Glossary Term D – 100 Best Credit Reports
Daily periodic rate
The annual percentage rate of credit measured as a daily amount. You can find the daily periodic rate by dividing the APR by 365.
The date that a specific credit account was terminated.
The date that a specific credit account was established.
A card issued by a bank that, when used, takes money directly out of your account from an ATM, or when making purchases at certain stores that accept them.
Someone who collects debts owed to others.
The act of taking out a second mortgage or home equity line of credit in order to pay off other loans. This is done in hope of lowering the consumer's total cost of credit through one debt instead of many smaller ones.
The total amount of income a person receives per month compared to the amount of debt a person has to pay per month. This is another way for creditors to determine creditworthiness.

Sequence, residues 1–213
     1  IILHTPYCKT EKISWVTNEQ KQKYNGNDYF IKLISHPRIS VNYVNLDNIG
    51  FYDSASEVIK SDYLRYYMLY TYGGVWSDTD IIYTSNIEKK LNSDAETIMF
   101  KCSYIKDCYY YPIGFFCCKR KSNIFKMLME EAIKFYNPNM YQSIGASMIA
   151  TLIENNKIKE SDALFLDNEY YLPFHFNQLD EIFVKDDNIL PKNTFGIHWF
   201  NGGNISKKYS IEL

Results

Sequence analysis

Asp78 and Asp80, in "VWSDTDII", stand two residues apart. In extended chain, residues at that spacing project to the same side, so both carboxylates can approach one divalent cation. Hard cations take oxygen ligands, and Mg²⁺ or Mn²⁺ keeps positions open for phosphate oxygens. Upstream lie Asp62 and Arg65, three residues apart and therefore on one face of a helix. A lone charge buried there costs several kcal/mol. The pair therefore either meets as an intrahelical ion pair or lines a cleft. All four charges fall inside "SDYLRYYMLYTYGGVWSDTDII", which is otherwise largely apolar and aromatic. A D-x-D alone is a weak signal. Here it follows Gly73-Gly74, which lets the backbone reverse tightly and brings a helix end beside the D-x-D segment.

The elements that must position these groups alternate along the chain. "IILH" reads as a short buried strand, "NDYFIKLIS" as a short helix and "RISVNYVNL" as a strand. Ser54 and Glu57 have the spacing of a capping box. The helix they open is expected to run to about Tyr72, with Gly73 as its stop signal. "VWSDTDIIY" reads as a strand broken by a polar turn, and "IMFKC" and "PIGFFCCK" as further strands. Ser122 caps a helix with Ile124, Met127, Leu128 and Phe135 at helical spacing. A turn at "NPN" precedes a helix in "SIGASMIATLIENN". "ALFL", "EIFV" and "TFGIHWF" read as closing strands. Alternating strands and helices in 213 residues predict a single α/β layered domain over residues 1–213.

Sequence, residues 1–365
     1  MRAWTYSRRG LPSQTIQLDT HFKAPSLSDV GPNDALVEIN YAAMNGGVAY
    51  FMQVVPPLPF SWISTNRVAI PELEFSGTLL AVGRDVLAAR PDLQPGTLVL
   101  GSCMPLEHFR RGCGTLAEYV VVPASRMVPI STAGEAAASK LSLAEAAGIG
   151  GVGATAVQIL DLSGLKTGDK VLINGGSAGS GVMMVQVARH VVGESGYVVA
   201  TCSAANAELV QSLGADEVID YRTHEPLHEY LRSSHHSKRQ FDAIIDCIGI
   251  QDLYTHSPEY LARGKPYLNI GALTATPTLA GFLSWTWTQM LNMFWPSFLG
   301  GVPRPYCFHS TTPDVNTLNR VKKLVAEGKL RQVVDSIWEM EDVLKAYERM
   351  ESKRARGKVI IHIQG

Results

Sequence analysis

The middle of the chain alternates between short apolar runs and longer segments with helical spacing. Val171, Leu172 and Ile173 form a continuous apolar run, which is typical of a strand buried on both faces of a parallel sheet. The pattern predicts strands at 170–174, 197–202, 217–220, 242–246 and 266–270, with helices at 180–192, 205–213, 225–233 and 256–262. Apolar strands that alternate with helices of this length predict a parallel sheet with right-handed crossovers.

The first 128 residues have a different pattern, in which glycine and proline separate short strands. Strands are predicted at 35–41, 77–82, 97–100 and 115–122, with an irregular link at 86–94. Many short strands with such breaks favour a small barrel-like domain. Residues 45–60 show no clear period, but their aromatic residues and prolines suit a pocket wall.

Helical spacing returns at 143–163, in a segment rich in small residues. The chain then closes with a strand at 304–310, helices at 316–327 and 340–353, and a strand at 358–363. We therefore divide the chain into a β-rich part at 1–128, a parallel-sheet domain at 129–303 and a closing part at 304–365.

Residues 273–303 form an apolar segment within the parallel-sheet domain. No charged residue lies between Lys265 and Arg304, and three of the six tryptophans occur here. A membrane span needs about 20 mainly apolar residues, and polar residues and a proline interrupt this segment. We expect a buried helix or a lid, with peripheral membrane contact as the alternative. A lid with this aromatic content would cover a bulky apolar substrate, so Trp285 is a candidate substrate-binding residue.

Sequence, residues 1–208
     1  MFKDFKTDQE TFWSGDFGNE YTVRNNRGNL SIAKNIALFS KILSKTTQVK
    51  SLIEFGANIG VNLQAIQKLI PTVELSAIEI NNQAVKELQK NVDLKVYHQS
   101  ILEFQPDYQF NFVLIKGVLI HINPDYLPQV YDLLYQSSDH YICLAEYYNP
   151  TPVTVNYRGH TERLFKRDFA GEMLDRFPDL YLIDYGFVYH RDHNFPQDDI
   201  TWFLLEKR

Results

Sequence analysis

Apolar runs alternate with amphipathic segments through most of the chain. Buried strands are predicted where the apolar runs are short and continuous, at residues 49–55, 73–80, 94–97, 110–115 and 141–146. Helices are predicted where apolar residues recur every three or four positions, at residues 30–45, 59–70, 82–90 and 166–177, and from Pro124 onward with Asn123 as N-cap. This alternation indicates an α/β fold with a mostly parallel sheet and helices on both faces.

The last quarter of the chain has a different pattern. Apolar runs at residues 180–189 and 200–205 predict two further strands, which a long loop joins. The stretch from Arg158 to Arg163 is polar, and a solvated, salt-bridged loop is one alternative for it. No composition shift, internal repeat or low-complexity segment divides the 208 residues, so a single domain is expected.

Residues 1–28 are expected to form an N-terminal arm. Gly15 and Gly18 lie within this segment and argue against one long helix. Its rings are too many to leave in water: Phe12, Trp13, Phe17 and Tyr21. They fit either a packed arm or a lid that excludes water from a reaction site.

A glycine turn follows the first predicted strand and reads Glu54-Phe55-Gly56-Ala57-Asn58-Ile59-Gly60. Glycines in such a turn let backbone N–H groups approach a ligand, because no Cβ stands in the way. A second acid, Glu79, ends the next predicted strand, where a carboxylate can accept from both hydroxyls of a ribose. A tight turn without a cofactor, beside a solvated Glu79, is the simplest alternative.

An individual or organization who owes a creditor money because of a loan, mortgage, credit card, etc.
This is what happens when a debtor fails to meet financial obligations such as payments.
When loan payments have not been paid and are past their due date.
When a debtor is released from responsibility for a debt owed. This happens with some types of bankruptcy.
The income that remains after a consumer has paid for fixed monthly expenses.
This is when a judge rules against a consumer's petition for bankruptcy. It appears on credit reports as a dismissed bankruptcy. The consumer's debts remain outstanding.
All remaining income after taxes have been taken out.
The right of a consumer to question the accuracy of information in their credit report. This right is protected by the Fair Credit Reporting Act.
A partial cash payment made to something of larger cost such as a house or vehicle. Usually, the higher the down payment is, the lower the interest rate will be.